Capitol to Capitol
An Information Service of NCSL's Standing Committees

Volumen 18   Issue- February 4, 2011



Today, the bipartisan leadership of NCSL and the National Governors Association (NGA) stated they “do not support” federal legislation permitting states to seek bankruptcy protection. In a joint letter to Congress, the two organizations discounted the need for any federal bankruptcy protection because of states’ ability to address historic budget gaps over the past three years, their readiness to deal with additional looming budget challenges and state sovereignty. The joint letter was signed by Massachusetts Senator Richard Moore and Kansas Senator Steven Morris, NCSL’s president and president-elect respectively. Washington Governor Christine Gregoire and Nebraska Governor Dave Heinemansigned on behalf of NGA. The letter is available at Two House subcommittees intend to take up the bankruptcy issue and related state debt and default topics in hearings next week. (NCSL staff contact: Susan Parnas Frederick)


 Although the legislation (S. 223) on the Senate floor this week would reauthorize the Federal Aviation Administration, early floor amendments to it focused instead on the federal health care reform law. Senate Minority Leader Mitch McConnell of Kentucky offered a full repeal amendment requiring 60 votes, which failed 47-51. Following that vote, the Senate handily passed an amendment by Michigan Senator Debbie Stabenow that repeals the federal health care reform law’s “1099" reporting requirement. This tax-compliance provision requires businesses to file 1099 forms to the Internal Revenue Service for each vendor with whom they pay $600 or more during each tax year. Before the dust settled, South Carolina Senator Lindsey Graham and Wyoming Senator John Barasso introduced S. 244, which would allow states to opt out of a smorgasbord of provisions in the federal health care law. More surely will follow. (NCSL staff contacts: Joy Johnson Wilson, Rachel Morgan)


Late last week the White House gave its support to reallocating the D Block portion of the 700 MHz wireless spectrum to emergency responders. The administration joined with a majority of the first responder community and intergovernmental organizations, including NCSL, in supporting the reallocation of the D Block to public safety for the development of an interoperable broadband public safety network. This move contradicts the Federal Communications Commission's desire to auction the D Block to commercial operators. Senate Commerce Committee Chairman Jay Rockefeller of West Virginia has reintroduced legislation (S. 28) this year reallocating the spectrum and funding to assist public safety with the construction of a network for first-responders. It's unclear what will happen in the House where there are concerns about costs. (NCSL staff contact: James Ward)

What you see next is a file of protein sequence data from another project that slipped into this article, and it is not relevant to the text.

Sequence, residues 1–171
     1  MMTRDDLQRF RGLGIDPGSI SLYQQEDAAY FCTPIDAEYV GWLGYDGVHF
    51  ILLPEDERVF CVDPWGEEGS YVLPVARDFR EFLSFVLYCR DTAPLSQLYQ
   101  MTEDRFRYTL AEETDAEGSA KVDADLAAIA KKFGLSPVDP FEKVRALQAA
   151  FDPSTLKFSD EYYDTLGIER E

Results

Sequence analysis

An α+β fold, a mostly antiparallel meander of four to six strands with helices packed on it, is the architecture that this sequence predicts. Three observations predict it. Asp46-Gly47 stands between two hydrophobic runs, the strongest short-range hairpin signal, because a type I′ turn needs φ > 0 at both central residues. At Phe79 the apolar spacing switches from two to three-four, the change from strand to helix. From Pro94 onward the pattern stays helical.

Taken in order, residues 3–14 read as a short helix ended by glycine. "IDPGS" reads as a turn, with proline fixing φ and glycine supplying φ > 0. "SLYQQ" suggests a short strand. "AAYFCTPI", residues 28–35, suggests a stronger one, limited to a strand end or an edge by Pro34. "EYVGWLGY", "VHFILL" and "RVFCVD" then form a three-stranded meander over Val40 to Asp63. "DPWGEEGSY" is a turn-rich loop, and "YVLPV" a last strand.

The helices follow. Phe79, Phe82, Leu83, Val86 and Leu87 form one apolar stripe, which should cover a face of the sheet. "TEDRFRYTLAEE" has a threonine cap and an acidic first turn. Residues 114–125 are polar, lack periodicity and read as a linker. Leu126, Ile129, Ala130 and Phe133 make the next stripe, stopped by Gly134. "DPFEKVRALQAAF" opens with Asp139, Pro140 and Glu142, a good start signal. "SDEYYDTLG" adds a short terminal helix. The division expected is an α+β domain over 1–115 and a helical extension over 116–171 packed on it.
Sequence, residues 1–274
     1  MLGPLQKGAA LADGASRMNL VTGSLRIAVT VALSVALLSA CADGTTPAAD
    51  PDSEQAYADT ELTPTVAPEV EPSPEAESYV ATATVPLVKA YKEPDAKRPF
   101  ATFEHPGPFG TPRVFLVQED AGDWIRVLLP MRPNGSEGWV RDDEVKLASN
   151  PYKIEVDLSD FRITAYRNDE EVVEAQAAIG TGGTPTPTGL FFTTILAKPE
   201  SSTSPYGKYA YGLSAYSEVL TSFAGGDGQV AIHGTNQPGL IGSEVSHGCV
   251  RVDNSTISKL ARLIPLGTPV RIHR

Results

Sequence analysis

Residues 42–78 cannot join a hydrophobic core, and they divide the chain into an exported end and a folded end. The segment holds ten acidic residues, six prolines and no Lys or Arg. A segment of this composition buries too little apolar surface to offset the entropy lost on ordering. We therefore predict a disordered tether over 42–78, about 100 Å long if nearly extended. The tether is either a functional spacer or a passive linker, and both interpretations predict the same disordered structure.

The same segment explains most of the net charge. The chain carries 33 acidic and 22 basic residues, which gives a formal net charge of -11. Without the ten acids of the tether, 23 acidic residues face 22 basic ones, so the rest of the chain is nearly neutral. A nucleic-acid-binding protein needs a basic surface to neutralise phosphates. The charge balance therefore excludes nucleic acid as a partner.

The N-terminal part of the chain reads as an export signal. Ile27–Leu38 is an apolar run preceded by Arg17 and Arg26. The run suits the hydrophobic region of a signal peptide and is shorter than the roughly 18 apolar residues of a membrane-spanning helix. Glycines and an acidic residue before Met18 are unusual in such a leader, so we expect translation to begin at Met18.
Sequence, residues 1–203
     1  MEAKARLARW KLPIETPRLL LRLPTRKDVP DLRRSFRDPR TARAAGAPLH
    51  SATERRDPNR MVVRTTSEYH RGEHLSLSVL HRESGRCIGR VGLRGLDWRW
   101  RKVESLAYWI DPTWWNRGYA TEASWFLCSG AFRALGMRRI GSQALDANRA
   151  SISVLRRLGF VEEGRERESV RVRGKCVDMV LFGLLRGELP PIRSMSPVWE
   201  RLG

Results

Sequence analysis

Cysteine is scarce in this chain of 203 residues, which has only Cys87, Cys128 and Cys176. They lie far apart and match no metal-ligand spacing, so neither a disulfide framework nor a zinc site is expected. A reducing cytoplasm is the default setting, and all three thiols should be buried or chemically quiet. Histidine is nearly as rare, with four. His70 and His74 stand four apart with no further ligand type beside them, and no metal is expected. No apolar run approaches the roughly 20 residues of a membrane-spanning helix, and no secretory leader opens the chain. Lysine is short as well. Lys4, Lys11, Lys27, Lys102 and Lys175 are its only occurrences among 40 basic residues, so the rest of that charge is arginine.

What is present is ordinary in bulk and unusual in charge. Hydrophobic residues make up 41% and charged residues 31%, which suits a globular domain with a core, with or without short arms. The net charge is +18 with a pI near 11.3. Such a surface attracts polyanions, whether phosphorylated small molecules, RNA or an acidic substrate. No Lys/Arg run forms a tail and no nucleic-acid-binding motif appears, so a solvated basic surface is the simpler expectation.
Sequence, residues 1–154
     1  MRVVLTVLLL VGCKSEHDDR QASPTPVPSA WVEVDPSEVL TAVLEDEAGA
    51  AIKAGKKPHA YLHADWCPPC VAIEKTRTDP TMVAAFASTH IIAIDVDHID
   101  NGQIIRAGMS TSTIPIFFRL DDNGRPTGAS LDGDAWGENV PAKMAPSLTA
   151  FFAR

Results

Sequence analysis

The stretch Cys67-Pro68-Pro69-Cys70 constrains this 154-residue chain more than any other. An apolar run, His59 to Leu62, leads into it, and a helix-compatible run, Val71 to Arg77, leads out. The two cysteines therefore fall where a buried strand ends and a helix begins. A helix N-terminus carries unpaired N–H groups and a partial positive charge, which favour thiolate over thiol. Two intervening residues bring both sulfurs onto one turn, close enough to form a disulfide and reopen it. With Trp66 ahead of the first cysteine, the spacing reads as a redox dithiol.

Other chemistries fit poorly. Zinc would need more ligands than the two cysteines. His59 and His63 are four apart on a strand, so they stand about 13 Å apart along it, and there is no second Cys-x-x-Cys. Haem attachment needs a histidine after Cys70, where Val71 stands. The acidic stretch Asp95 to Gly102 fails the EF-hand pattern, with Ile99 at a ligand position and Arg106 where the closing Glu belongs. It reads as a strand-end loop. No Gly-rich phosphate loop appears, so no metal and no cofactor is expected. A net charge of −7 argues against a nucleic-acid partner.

Tennessee Senator Bob Corker and Missouri Senator Claire McCaskill introduced the “Commitment to American Prosperity Act” (CAP) this week that would provide a 10year path for capping all discretionary and entitlement spending. According to the sponsors, the legislation would reduce federal spending from its current 24.7 percent of the gross domestic product (GDP) down to 20.6 percent. The legislation defines “emergency” spending and requires the Office of Management and Budget (OMB) to sequester funds in any year that appropriations exceed the cap. The legislation is silent on the issue of deficits when revenues don’t match the spending cap. North Dakota Senator Kent Conrad, chair of the Senate Budget Committee, dismissed this approach and instead renewed his call for a presidential-congressional leadership summit on debt reduction before Congress addresses an increase in the federal debt limit. Treasury Secretary Timothy Geithner this week stated that the limit will be reached between April 6 and May 31, 2011. (NCSL staff contacts: Michael Bird, Jeff Hurley)